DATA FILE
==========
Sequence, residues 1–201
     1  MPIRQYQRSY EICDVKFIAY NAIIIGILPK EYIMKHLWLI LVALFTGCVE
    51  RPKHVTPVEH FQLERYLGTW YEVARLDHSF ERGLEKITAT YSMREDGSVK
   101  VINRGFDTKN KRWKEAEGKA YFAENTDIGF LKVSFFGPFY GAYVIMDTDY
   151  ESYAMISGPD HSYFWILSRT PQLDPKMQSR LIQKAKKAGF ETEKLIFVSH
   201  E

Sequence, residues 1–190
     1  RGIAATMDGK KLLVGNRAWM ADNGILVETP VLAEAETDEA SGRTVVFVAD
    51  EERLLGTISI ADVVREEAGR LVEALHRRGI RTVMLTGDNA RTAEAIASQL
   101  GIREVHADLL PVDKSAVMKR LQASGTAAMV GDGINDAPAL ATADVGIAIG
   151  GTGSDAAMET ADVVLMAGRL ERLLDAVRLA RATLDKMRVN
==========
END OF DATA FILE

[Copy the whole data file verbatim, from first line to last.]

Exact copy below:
Sequence, residues 1–201
     1  MPIRQYQRSY EICDVKFIAY NAIIIGILPK EYIMKHLWLI LVALFTGCVE
    51  RPKHVTPVEH FQLERYLGTW YEVARLDHSF ERGLEKITAT YSMREDGSVK
   101  VINRGFDTKN KRWKEAEGKA YFAENTDIGF LKVSFFGPFY GAYVIMDTDY
   151  ESYAMISGPD HSYFWILSRT PQLDPKMQSR LIQKAKKAGF ETEKLIFVSH
   201  E

Sequence, residues 1–190
     1  RGIAATMDGK KLLVGNRAWM ADNGILVETP VLAEAETDEA SGRTVVFVAD
    51  EERLLGTISI ADVVREEAGR LVEALHRRGI RTVMLTGDNA RTAEAIASQL
   101  GIREVHADLL PVDKSAVMKR LQASGTAAMV GDGINDAPAL ATADVGIAIG
   151  GTGSDAAMET ADVVLMAGRL ERLLDAVRLA RATLDKMRVN